There was an interesting animal STUDY that sought to investigate the effects of TUDCA on gallstone formation. The scientists fed rats a high fat diet, and then enhanced their diet with TUDCA supplementation. They evaluated several biomarkers during the study, and I noted a few interesting things:
1. The TUDCA group of mice showed a three-fold increase in the ratio of firmucutes to bacteroides. Ratios of these two predominant probiotics in the human gut microbiota are evaluated oftentimes. The lower the ratio, the tighter the association with IBD (Inflammatory Bowel Disease). So TUDCA played a positive role here.
TUDCA supplemented rodents showed higher levels of this friendly bacteria “firmicutes.” Interestingly, firmicutes will go on to help your body produce a gut-healing compound called butyrate. (Butyrate is sold as a supplement, it’s pretty smelly just FYI!) But again, firmucutes (and therefore probiotics) help you to manufacture your own butyrate. Knowing the intestinal healing power of butyrate makes me realize that one of the mechanisms of action of TUDCA is ramped up production of butyrate!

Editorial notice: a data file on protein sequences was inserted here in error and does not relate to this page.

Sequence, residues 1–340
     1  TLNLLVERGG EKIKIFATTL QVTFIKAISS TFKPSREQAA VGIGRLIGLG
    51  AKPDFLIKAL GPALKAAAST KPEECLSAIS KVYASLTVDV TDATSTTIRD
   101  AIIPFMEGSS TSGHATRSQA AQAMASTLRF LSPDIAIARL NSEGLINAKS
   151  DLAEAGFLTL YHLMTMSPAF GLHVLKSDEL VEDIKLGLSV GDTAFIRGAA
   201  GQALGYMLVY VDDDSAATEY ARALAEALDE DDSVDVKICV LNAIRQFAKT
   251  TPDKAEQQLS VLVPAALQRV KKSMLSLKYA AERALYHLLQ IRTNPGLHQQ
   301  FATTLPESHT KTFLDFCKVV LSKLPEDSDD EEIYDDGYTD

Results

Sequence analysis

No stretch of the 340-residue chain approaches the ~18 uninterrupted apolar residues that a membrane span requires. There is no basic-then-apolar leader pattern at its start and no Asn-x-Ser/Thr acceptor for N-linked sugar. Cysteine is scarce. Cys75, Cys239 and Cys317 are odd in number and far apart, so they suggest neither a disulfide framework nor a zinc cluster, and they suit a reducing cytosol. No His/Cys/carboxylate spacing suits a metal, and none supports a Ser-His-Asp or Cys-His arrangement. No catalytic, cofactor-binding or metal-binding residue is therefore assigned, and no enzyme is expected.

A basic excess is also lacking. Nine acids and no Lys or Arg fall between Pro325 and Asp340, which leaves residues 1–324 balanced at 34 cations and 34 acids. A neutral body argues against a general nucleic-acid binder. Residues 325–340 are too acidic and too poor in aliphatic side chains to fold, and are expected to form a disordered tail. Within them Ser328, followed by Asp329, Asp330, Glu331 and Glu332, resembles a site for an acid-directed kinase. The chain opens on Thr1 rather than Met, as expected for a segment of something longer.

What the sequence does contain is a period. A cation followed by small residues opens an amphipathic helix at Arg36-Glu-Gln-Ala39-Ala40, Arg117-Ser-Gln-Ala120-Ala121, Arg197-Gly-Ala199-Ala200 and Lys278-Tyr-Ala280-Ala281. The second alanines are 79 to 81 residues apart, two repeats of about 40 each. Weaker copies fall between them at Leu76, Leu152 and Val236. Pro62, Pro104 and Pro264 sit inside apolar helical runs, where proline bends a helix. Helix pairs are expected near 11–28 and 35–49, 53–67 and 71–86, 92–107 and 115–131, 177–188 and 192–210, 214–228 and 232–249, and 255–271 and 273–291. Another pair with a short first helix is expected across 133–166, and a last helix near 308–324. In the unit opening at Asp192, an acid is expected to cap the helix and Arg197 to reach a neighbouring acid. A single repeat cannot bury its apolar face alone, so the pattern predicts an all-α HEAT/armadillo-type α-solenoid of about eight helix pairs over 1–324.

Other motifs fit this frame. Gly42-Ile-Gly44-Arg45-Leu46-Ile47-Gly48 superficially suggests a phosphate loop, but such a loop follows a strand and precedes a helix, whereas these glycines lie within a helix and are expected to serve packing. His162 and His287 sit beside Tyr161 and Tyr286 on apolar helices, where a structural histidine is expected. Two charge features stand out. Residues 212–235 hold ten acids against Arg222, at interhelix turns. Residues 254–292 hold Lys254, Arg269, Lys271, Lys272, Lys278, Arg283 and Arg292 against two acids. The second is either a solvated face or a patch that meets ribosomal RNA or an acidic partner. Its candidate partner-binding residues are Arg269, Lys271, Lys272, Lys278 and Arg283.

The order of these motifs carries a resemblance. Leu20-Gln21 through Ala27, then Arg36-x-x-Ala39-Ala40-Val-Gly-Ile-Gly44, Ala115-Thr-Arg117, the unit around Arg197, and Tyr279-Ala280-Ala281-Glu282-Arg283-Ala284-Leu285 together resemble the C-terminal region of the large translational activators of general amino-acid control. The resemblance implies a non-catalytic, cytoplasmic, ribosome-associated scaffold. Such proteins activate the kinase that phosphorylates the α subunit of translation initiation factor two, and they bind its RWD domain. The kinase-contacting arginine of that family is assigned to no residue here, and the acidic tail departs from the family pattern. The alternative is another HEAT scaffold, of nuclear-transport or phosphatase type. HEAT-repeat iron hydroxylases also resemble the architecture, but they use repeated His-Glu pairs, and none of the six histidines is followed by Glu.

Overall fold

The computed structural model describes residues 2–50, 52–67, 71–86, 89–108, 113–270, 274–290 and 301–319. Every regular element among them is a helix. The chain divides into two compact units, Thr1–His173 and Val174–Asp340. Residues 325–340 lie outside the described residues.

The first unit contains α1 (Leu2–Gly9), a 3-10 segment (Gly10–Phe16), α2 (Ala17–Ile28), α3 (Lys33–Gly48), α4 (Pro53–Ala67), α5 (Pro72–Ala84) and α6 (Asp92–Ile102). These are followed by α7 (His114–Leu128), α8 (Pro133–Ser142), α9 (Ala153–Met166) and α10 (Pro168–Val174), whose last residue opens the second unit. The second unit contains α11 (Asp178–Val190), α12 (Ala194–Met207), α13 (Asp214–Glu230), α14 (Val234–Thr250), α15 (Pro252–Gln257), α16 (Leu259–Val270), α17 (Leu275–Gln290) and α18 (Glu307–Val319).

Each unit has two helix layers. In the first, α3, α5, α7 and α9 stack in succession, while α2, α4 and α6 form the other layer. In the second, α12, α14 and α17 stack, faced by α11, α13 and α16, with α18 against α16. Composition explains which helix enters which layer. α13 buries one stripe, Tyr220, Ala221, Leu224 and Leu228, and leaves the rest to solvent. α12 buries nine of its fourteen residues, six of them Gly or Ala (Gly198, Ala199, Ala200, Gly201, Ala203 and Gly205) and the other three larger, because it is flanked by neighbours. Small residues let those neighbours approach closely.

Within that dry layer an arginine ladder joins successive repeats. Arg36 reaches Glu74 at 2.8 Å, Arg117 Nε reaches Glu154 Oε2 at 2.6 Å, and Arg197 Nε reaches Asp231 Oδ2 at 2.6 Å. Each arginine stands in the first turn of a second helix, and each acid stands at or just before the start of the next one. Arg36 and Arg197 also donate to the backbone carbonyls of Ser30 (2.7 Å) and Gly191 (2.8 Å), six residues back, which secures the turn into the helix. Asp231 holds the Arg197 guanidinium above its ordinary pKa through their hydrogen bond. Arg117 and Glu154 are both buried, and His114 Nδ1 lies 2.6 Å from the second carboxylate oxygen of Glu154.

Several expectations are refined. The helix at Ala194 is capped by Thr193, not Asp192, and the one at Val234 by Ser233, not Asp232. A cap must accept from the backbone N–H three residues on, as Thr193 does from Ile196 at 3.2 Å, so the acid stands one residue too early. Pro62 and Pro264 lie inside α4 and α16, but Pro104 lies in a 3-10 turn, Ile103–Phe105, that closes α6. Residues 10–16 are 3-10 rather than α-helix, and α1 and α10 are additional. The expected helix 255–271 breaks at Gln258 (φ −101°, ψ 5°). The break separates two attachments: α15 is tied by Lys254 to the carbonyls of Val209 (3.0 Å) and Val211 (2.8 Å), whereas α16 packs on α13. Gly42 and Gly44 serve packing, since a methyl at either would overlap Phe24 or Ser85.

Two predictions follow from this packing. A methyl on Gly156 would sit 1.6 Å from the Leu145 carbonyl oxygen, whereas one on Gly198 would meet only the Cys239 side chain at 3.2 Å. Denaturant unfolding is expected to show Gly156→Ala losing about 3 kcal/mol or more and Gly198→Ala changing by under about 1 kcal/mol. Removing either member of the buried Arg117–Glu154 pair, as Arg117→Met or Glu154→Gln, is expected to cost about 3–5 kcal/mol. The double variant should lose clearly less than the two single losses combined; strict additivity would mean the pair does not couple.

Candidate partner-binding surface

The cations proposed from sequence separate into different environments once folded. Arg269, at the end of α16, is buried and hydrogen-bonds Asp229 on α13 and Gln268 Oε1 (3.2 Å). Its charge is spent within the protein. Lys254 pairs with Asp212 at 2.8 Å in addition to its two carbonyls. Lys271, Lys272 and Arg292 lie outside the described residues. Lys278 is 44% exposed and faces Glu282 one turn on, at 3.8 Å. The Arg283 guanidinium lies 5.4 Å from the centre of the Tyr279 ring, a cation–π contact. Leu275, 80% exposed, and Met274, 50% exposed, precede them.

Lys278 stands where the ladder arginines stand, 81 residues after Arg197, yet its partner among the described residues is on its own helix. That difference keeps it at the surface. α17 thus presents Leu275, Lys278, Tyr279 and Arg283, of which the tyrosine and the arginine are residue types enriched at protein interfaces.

2. Serum total cholesterol went down in a statistically significant manner.
3. The total amount of cholesterol crystals in the gallbladders of mice was less saturated in the mice supplemented with TUDCA. That’s great, and the goal! To be clear I am advocating a high-fiber, low-fat diet to help keep bile cholesterol in liquid form, prior to taking any supplements. Diet matters most, but after that, a little TUDCA may be useful. Of course speak to your doctor about taking supplements and making changes to your health regimen.